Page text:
Tag Archives: Sondra Silverston

Paperbacks to Look Out For in January 2020: Part One

Cover image There’s a satisfying array of January paperback goodies on offer for those lucky enough to get a bookish gift card or two for Christmas, all but one of which I’ve read already.  I’m kicking off with one of my books of 2019, Kate Atkinson’s latest addition to her Jackson Brodie series, Big Sky, which is an absolute treat. After a hiatus of nine years, Jackson’s living in a cottage in his native Yorkshire looking after his teenage son while Julia, Nathan’s mother, finishes off the latest in the TV police procedural series in which she stars. It’s not long before Jackson becomes embroiled in a case that encompasses historical sex abuse, modern day slavery and people trafficking. If you haven’t yet read the first four in the series, Atkinson neatly fills in Jackson’s backstory, but why not just snap up all five and settle down for the rest of the month.

I had hoped that Delphine de Vigan’s Loyalties would also be one of my books of the year after the wonderful Based on a True Story but, sadly, it missed the mark for me. It tells the story of a young boy, caught up in the fallout from a bitter divorce, and explores the ties of silence that bind society together in a sometimes mistaken loyalty. Perhaps it’s unfair to make the comparison given how very different in style and subject the two novels are but, although the writing is as pinpoint sharp as in her previous novel, this one failed to hold my attention in the same way.Cover image

My expectations for Livia Franchini’s debut, Shelf Life, were also overturned but in a good way. It tells Ruth’s story through the shopping list she made the week her fiancé dropped his bombshell and left her after ten years. Quite a daring structure for a debut novel but Franchini handles it well as Ruth attempts to hide her misery, taken in hand by her friend and antithesis, the extrovert party-girl, Alanna. Somehow, I’d expected a slightly fluffy read but with its poignant depiction of social awkwardness and isolation, Franchini’s novel is far from that.

I’d heard good things about Ayelet Gundar-Goshen’s Waking Lions but had not yet got around to reading it when Liar turned up. Set towards the end of a Tel Aviv summer, it tells the story of a young girl who becomes caught up in a scandal after an exchange between her and a fading reality TV star is misinterpreted then seized upon by a media hungry for sensation leaving seventeen-year-old Nofar trapped in an untruth she’s allowed to take root. A thoroughly enjoyable novel with a clear message: lies tend to lead to a deeper deception that can only end in tears. Rare for a lesson in morality to be delivered with such acuity and style.

The only title I’ve not yet read in this first batch is Józef Wittlin’s The Salt of the Earth which sounds like another lesson in morality. It begins in the remote Carpathian mountains where Piotr’s limited ambitions are fixed on a job with the railway, a cottage and a bride with a dowry until he finds himself drafted into the army to fight in the First World War. ‘In a new translation, authorised by the author’s daughter, The Salt of the Earth is a strongly pacifist novel inspired by the Odyssey, about the consequences of war on ordinary men’ say the publishers.

That’s it for the first selection of January paperbacks. A click on any of the first four titles will take you to my review and to a more detailed synopsis for the fifth should any have taken your fancy. If you’d like to catch up with January’s new title they’re here and here. Second instalment soon…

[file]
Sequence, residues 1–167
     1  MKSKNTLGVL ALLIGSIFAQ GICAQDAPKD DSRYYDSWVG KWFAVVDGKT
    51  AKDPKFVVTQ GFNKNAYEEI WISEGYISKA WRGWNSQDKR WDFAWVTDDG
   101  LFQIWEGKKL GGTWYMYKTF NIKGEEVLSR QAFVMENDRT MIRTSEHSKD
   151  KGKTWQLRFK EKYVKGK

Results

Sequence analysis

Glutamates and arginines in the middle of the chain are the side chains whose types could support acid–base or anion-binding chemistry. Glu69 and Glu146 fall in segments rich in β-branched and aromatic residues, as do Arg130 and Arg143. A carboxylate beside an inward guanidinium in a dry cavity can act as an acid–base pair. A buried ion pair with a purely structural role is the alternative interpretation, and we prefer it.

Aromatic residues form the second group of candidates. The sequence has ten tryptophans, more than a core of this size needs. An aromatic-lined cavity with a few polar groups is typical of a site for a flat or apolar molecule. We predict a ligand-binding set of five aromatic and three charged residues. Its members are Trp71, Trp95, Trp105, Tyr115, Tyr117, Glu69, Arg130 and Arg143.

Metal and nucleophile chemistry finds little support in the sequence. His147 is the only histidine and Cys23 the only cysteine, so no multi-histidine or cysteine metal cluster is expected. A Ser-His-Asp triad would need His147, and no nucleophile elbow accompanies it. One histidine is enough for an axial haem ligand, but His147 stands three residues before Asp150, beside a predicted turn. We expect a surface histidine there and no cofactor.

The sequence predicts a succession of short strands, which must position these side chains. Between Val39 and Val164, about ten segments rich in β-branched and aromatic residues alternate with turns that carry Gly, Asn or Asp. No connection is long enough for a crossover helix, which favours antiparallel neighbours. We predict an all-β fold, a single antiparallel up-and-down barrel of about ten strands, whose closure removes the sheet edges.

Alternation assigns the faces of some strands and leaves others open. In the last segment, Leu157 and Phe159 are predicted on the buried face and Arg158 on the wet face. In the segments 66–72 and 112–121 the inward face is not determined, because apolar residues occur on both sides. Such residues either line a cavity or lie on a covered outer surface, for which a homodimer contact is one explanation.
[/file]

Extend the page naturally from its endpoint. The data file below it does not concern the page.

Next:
Books of the Year 2019: Part One

It’s that time again. Books of the year lists are being wheeled out right, left and centre. I’d love to tell you I’d managed to trim mine to a single post of gems but I’m not the Cover imagedecisive type so I’m afraid it will be the usual four, falling roughly into quarters, all with links to reviews on this blog. For those of you who think I’ve jumped the gun, I’m still a bookseller at heart, hoping to help out anyone desperate for gift ideas for their book-loving friends.

My reading year got off to a flying start with Oyinkan Braithwaite’s My Sister, the Serial Killer whose premise is irresistible. A woman is about to sit down to supper when her sister calls. She’s killed another man and needs Korede’s peerless cleaning skills. Set in Lagos where Korede is a nurse and Ayoola charms men, My Sister, the Serial Killer is a short, darkly funny novel, an enjoyable caper with a sharp edge and a page-turning pace. I was delighted when it turned up on both the Booker Prize longlist and the Women’s Prize for Fiction shortlist.

Two books stood out for me in February, each very different from the other. Given my country’s preoccupation with Brexit, Robert Menasse’s The Capital was something of a bittersweet read. This sprawling novel takes a sharply satirical view of the European Commission, exploring its many accumulated weaknesses before returning to the founding values which make me want to remain part of the EU’s flawed club. Rather like the institution it’s satirising, Menasse’s novel is not without faults but there’s much to enjoy.

Entirely different, Joan Silber’s carefully constructed Improvement reads almost like a series of tightly linked short stories which explore the ripple effectsCover image of a car accident through a range of sharply observed characters. Silber’s writing is subtly understated leaving her readers to draw their own conclusions. Sadly, Improvement is her only book published here in the UK: all I can say to her publishers is ‘more please’.

Leapfrogging March into April, Laila Lalami’s The Other Americans also explores the fallout from a hit and run accident which kills a Moroccan immigrant who had been running his restaurant in a small Californian desert town for decades. Lalami tells her story in short chapters through a diverse set of characters whose backstories are meticulously sketched in. It’s a quietly powerful novel which seemed to have had less coverage than it deserved here in the UK